Thursday, 15 March 2012

Wharram Percy Walk

Not quite the morning I'd hoped for when thinking of taking a wander over to Wharram Percy, the deserted medieval village not far from here.  The fog was pretty thick, so it was dank and cold as I made my way to my walk.

The spot you start the walk down to the village has this information board to give an overview of where you're going.


The route down is part of the Wolds Way.  A walk I must have a go at sometime as it passes through some lovely countryside.  I recently spoke to a fella in the village about this and he confessed to having got a little too enthusiastic and completed it in twenty two hours!  It's just shy of seventy miles, so he was fair motoring!

I was much more leisurely.



When not too far from the village I came across these deer prints.  I must get down to the local chemists to see if they sell plaster of paris to get Charlie making casts of the local faunas tracks.



Looking towards two of the restored cottages, these were used by the archaeologists when the dig here was in full swing.  The outline in the foreground shows the plan of an excavated building.  It looks quite big until you realise you would have shared it with cows etc.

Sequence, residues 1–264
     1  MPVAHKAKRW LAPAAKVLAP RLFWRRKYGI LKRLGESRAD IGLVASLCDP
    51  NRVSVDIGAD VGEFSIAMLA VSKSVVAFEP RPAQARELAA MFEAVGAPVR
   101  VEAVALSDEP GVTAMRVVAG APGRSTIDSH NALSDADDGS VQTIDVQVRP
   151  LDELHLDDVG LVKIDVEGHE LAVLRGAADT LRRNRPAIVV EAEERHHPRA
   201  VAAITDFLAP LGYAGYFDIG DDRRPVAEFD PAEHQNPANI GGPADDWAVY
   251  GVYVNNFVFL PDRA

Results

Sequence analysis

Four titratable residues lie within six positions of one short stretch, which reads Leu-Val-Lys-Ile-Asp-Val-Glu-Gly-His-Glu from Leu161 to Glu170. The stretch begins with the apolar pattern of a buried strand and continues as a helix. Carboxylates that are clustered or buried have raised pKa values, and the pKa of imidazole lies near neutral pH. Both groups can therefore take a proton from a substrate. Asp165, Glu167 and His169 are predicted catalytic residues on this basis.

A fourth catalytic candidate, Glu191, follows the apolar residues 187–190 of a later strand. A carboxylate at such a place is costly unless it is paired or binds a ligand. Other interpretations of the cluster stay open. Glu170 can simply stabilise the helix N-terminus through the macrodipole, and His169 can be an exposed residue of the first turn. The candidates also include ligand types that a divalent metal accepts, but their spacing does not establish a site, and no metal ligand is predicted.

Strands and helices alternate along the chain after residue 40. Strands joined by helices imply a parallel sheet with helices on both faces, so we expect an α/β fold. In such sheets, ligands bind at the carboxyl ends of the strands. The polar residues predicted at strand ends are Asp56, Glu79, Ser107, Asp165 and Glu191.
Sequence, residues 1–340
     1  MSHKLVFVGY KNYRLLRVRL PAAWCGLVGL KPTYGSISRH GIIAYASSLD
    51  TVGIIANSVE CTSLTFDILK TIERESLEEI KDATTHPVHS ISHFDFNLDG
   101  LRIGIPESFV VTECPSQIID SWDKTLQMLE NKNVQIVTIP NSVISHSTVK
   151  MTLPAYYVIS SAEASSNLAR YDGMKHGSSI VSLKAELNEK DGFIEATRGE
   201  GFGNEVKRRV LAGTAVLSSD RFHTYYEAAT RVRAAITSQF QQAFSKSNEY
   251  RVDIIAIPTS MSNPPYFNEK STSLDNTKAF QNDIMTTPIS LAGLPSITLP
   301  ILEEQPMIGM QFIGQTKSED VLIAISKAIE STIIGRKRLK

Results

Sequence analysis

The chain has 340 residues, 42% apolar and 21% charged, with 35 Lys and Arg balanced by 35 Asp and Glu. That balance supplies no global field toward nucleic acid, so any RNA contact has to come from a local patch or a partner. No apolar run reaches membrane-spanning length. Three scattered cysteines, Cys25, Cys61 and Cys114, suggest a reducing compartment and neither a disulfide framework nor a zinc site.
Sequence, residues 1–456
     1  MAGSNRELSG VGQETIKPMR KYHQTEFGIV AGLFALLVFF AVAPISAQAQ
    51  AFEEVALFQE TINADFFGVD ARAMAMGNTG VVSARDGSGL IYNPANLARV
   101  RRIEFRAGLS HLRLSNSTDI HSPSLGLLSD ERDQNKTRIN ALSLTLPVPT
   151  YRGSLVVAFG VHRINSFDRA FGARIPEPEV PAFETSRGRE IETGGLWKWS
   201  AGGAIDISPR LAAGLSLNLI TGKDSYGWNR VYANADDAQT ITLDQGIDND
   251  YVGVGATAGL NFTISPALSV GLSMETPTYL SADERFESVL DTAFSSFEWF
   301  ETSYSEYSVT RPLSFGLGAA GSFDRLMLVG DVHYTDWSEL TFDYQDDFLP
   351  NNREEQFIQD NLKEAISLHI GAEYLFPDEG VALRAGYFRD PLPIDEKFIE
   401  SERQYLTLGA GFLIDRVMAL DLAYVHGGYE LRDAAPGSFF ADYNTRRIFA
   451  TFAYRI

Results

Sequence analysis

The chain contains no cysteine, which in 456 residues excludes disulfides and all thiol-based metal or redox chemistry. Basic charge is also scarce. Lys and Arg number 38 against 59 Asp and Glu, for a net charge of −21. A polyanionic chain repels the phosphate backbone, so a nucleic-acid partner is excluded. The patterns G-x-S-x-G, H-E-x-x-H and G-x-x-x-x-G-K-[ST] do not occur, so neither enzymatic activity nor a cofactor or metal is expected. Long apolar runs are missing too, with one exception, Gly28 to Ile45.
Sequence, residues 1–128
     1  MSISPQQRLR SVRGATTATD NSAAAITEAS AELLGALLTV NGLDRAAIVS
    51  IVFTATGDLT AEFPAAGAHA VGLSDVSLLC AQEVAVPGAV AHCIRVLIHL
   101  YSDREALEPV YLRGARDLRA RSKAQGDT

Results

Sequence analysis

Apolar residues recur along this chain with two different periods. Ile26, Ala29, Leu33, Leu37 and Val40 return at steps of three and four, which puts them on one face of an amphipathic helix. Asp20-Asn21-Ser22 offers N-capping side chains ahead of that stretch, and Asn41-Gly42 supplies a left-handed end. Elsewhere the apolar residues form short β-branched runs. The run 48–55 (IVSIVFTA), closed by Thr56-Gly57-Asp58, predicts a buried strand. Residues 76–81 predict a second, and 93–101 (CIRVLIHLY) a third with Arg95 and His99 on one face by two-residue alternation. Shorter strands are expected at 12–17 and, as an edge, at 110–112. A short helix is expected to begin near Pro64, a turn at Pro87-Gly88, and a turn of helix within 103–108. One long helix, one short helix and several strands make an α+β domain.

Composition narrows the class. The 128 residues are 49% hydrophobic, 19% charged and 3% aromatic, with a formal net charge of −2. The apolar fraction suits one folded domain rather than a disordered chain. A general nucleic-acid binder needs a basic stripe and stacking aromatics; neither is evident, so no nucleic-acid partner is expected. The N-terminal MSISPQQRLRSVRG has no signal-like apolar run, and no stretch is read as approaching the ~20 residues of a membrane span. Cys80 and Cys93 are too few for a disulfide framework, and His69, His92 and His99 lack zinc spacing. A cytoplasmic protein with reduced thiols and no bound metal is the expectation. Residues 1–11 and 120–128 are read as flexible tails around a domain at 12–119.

This shows the village fish pond which would have provided a good source of protein for a Friday.



A couple of bracket fungi and some Lichen.  I've just re-read H.G. Wells 'War of the Worlds' and this lichen made me think of the red weed the martian's brought with them.



The church of St Martins looking very fallorn in the misty morning light, it remained in use for quite a while after the last tenants had been evicted, the dates on the headstones are as late as the early 19th century.



As you can imagine, this place causes a fair amount of reflection and I couldn't help wonder what the village I live in will look like in a few centuries.  With the inevitable changes the planet will undergo as fuel becomes a rarer and more expensive resource, will the rural landscape change as as a result of folks moving closer to transport networks.  Who knows, our cottage was built shortly after Charles II gained the throne.  If only the walls could talk!

No comments:

Post a comment